The Student News Site of Tarrant County College

The Collegian

The Student News Site of Tarrant County College

The Collegian

The Student News Site of Tarrant County College

The Collegian

Million-dollar-a-day TCC budget receives approval

By Kenney Kost/editor-in-chief

The board of trustees unanimously voted yes for the proposed 2013-14 budget Aug. 19.

However, the vote for a 3.5 percent pay raise for employees across the district and 40 new positions was a little closer at 4-2.

Secretary O.K. Carter and assistant secretary Conrad Heede both voiced concerns about the pay increase and said they didn’t feel comfortable voting yes.

“I feel that 3 percent would exceed anything you would see in the private sector,” Carter said. “We started at 2, and it went up to 3, and there never really was any budge on the 3.5 once it was reached. I still would support the 3. I’m not going to support the 3.5.” 

Heede shared his sentiments.

“In all good conscience, I think I’m not against a pay increase. I think everybody deserves to be paid and paid well,” Heede said. “I’m 100 percent for the 3 percent increase. In good conscience, that last half percent, philosophically, I have to say no.”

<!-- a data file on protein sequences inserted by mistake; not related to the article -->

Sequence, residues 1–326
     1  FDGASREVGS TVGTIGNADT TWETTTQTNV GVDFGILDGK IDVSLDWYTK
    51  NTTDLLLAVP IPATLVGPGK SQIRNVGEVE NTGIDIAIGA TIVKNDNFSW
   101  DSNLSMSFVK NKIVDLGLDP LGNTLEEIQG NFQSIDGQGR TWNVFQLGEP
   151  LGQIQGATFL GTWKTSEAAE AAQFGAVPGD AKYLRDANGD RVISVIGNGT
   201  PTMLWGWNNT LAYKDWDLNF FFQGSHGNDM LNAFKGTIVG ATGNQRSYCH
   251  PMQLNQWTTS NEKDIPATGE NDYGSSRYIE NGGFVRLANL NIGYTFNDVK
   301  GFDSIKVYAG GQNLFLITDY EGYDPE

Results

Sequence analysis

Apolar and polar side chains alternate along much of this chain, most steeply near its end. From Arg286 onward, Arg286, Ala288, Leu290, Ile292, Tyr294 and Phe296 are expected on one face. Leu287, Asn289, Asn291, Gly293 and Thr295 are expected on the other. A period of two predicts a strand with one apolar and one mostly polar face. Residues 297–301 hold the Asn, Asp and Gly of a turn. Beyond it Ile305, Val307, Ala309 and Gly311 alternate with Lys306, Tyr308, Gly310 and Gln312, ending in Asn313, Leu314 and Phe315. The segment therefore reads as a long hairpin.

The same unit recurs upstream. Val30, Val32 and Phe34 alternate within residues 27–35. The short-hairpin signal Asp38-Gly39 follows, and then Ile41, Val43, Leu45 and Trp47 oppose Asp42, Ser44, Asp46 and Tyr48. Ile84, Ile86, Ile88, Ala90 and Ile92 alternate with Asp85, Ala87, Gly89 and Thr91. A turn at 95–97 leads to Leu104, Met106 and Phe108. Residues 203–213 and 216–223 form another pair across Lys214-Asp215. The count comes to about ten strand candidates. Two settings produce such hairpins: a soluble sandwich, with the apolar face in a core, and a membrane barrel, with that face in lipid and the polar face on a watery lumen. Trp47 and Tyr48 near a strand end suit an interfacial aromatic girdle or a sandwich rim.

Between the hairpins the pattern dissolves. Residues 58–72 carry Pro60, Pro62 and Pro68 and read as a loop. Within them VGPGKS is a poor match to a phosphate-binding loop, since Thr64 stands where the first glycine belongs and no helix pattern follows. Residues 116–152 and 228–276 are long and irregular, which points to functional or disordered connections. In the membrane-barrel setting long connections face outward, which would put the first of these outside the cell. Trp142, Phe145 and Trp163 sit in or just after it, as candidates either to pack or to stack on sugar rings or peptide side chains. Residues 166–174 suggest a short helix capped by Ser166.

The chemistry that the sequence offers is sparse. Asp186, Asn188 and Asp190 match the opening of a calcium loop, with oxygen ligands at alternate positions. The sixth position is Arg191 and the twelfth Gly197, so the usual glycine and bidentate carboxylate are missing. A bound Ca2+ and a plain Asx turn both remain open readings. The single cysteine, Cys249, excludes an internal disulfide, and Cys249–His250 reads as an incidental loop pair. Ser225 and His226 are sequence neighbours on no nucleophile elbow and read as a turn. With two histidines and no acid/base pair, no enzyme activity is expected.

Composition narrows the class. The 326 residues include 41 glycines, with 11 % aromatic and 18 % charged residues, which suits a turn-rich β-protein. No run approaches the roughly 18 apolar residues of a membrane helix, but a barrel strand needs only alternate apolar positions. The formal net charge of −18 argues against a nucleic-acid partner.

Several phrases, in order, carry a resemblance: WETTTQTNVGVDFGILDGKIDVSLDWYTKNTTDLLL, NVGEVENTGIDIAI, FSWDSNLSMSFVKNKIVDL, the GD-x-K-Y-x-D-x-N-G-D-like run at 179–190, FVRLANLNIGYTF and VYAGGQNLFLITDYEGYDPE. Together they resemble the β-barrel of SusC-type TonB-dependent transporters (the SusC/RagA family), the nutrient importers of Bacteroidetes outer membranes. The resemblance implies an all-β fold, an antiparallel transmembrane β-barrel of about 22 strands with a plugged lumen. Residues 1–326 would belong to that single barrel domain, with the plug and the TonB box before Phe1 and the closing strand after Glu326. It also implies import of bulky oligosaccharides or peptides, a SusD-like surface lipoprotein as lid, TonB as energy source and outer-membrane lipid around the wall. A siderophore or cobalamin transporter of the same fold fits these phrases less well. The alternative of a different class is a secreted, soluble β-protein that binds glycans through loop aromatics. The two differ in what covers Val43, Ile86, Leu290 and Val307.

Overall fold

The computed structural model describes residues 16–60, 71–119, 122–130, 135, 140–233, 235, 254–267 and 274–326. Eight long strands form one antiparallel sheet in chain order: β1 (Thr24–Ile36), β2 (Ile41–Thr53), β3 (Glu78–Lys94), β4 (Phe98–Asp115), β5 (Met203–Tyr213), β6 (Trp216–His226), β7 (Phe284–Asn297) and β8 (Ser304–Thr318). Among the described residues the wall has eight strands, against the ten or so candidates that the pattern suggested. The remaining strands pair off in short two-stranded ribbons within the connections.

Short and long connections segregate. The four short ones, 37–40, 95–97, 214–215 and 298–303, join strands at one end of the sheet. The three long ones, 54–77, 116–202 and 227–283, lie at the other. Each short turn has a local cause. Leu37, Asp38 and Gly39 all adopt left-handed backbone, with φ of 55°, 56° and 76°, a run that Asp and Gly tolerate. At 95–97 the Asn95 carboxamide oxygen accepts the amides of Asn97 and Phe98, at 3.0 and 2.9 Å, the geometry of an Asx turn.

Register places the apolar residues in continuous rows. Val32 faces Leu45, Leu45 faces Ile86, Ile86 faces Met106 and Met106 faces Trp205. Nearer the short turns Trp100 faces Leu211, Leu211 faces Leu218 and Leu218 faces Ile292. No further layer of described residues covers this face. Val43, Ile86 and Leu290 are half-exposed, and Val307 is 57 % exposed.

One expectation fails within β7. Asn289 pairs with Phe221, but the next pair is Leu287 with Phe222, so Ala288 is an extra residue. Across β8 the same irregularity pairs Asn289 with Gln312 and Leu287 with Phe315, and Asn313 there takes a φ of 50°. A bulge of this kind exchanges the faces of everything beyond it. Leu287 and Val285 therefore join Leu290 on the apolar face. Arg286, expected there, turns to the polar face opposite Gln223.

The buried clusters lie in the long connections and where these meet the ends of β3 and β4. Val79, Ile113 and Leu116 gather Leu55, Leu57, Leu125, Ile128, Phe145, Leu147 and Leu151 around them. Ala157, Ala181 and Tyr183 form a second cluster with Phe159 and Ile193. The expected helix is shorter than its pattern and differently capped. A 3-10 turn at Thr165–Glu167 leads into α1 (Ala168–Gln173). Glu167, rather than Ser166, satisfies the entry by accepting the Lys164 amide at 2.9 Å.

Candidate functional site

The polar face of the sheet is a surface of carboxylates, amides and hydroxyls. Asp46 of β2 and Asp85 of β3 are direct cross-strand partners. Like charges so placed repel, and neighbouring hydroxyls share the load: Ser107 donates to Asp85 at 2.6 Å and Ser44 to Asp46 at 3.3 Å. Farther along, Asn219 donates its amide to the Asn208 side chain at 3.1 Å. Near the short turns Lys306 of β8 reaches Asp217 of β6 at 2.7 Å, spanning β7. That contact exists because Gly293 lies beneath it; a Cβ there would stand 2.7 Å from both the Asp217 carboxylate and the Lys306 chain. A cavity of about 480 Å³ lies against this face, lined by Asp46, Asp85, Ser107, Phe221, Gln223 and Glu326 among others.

Carter also expressed concerns over hiring new employees, including 10 new mentors that will be funded with money diverted out of the fund for “sticky spaces,” or places where students gather.

“I also feel that 40 employees is too much given the generally flat enrollment trends we’ve seen, and I still don’t think we should raid the sticky space fund,” he said.

Heede said he supported the use of the sticky spaces fund for the mentors stating, “I think they are needed, and it’s all about the students.”

Vice president Kristin Vandergriff expressed her support of the increase, saying it recognizes how college jobs have changed.

“I support the 3.5 percent because I think there is kind of a call to action,” Vandergriff said. “The learning methodology is different. Everything is changing. I don’t think this is excessive. I think it is deserved.”

The approved budget of $362 million is an increase of $10.7 million from last year’s budget. The biggest changes are the $18.2 million decrease under renewal and replacement and a $20 million increase in the building fund.

“The decrease in renewal and replacement is primarily because the facilities and maintenance people have done an excellent job of completing projects,” Chancellor Erma Johnson Hadley said. “And the building fund includes $17 million for the energy technology center and the $3 million payment for the Bell Helicopter building.”

Hadley also announced there would be no increase in cost for student course materials in this year’s budget.

“We have chosen to take less of a percent increase on the sales of course materials and pass that savings on to the students,” she said.

The board also unanimously voted to approve the beginning phases of the early college high school on SE Campus. The cost is estimated at $13 million.

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